Unexpectedly Intriguing!
March 24, 2017

Not long ago, Core77's Rain Noe ordered a battery from Staples that was delivered to his home in a box that was way bigger than the battery enclosed inside.

It turns out that delivery was the unintended consequence of a decision by Staples, one that actually saves the company quite a lot of money, to both standardize the size of the corrugated (cardboard) packaging in which in ships goods to its online customers and to automate as much of the packaging operations at its fulfillment center as it can. A Core77 reader found a two minute-long video that describes how Staples fulfillment center packages the goods it ships.

So how did this choice by Staples lead to such a seemingly wasteful mismatch between the size of ordered good and the size of the packaging in which it was delivered? Rain explains:

... it appears that Staples has chosen the sizes of corrugated Z-fold most common to their order, with my tiny battery being an anomaly.

But that's not the end of the story. Packsize, the maker of the automated packaging equipment that Staples uses, recognizes the opportunity it has to benefit in the market from continuing to minimize the waste that results from shipping products to customers in oversize packages by better tailoring its on-demand packaging product line to produce "right-sized" boxes.

And that's the future of packaging. As for Packsize, the company often contracts with its customers to provide them its packaging machines at no cost, where its revenue comes from selling the Z-fold corrugated cardboard packing material used by the machines to the companies that acquire them. Or as Rain notes:

It looks like the razor-and-handle business model works well here.

Speaking of which, if you weren't already familiar with the BBC's 50 Things That Made the Modern Economy series of podcasts, here are links to a few of its episodes that directly overlap with the modern business of packing and shipping:

Labels:

About Political Calculations

Welcome to the blogosphere's toolchest! Here, unlike other blogs dedicated to analyzing current events, we create easy-to-use, simple tools to do the math related to them so you can get in on the action too! If you would like to learn more about these tools, or if you would like to contribute ideas to develop for this blog, please e-mail us at:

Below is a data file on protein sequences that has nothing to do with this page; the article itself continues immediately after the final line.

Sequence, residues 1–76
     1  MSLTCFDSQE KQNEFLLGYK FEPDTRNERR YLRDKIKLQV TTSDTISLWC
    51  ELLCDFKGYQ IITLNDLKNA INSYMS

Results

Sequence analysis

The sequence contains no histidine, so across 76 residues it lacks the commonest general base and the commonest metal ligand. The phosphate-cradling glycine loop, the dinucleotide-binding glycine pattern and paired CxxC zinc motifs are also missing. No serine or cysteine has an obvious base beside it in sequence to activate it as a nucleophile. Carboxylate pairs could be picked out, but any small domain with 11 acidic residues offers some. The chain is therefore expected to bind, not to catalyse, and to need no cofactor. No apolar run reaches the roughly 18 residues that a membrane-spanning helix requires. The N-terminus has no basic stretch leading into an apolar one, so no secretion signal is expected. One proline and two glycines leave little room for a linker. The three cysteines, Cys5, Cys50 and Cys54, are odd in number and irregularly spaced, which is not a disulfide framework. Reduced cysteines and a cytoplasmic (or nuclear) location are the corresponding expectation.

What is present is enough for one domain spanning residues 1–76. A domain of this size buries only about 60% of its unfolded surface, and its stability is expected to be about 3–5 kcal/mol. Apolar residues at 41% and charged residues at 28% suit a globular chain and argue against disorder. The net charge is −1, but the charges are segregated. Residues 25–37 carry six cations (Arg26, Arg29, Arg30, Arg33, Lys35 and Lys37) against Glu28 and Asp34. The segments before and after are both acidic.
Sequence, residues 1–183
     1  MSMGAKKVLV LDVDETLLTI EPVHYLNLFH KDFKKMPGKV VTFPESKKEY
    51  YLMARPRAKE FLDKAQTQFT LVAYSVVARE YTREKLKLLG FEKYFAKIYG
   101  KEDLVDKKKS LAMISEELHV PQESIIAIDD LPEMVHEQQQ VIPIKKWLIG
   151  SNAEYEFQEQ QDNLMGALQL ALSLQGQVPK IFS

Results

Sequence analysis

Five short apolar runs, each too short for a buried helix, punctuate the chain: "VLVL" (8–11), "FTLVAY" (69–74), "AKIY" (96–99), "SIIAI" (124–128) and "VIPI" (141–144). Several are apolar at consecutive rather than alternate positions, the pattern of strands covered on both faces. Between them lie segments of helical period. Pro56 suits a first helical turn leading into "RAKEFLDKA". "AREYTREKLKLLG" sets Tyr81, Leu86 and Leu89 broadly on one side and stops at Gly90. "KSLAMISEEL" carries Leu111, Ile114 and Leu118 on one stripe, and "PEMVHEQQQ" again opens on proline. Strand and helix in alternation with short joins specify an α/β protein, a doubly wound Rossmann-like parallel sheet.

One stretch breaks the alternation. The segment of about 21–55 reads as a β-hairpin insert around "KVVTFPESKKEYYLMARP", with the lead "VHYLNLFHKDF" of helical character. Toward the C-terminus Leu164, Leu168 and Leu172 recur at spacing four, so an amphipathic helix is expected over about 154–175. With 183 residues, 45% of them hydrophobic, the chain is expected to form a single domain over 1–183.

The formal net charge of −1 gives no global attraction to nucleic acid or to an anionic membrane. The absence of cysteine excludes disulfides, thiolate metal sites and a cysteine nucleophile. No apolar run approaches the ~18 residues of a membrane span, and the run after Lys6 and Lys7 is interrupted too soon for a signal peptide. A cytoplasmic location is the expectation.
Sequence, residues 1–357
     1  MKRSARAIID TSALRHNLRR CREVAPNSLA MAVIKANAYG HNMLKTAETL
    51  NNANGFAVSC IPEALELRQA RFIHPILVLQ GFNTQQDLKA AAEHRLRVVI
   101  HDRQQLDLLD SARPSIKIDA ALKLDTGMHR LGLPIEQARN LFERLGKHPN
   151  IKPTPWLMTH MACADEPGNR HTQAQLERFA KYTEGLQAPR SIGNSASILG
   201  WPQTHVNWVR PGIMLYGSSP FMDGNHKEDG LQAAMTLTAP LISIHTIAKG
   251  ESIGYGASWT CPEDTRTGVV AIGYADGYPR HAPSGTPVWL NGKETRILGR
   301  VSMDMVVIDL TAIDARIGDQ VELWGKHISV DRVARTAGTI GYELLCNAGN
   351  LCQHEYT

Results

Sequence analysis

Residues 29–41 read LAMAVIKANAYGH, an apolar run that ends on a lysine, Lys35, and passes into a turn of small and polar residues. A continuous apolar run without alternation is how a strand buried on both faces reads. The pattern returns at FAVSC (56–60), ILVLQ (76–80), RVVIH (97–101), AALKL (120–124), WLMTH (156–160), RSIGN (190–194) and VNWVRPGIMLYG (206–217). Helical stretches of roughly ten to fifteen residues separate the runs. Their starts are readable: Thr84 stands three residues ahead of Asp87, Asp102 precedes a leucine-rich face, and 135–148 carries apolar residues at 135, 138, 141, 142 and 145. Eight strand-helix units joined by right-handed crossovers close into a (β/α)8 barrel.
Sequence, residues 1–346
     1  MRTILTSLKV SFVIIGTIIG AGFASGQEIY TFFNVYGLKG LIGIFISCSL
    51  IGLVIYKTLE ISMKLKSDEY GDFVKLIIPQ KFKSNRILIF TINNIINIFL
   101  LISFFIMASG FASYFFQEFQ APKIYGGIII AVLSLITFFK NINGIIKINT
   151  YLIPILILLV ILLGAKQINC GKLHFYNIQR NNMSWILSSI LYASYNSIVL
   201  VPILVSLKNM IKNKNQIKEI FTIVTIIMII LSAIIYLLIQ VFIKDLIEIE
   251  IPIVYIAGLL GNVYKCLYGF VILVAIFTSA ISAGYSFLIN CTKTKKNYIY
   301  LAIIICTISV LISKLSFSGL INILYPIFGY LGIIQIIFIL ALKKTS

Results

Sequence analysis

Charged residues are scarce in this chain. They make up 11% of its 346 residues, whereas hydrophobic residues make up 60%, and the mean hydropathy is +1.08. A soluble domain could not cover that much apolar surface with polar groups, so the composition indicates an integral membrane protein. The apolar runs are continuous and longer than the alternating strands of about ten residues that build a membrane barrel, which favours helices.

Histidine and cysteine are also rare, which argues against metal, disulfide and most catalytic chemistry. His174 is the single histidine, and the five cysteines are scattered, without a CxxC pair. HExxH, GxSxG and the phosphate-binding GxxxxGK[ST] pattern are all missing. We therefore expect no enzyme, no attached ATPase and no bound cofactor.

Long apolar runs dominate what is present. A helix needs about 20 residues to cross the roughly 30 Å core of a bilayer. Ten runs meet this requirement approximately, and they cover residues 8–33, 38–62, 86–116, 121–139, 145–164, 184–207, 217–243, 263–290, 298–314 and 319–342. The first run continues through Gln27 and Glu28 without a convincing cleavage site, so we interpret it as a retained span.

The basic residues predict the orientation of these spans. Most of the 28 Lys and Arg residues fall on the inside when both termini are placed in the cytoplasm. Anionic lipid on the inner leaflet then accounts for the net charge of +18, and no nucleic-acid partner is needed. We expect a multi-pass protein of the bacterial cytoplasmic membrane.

ironman at politicalcalculations.com

Thanks in advance!

Recent Posts

Applications

This year, we'll be experimenting with a number of apps to bring more of a current events focus to Political Calculations - we're test driving the app(s) below!

Most Popular Posts
Quick Index

Site Data

This site is primarily powered by:

This page is powered by Blogger. Isn't yours?

CSS Validation

Valid CSS!

RSS Site Feed

AddThis Feed Button

JavaScript

The tools on this site are built using JavaScript. If you would like to learn more, one of the best free resources on the web is available at W3Schools.com.

Other Cool Resources

Blog Roll

Market Links
Charities We Support
Recommended Reading
Recommended Viewing
Recently Shopped

Seeking Alpha Certified

Archives
Legal Disclaimer

Materials on this website are published by Political Calculations to provide visitors with free information and insights regarding the incentives created by the laws and policies described. However, this website is not designed for the purpose of providing legal, medical or financial advice to individuals. Visitors should not rely upon information on this website as a substitute for personal legal, medical or financial advice. While we make every effort to provide accurate website information, laws can change and inaccuracies happen despite our best efforts. If you have an individual problem, you should seek advice from a licensed professional in your state, i.e., by a competent authority with specialized knowledge who can apply it to the particular circumstances of your case.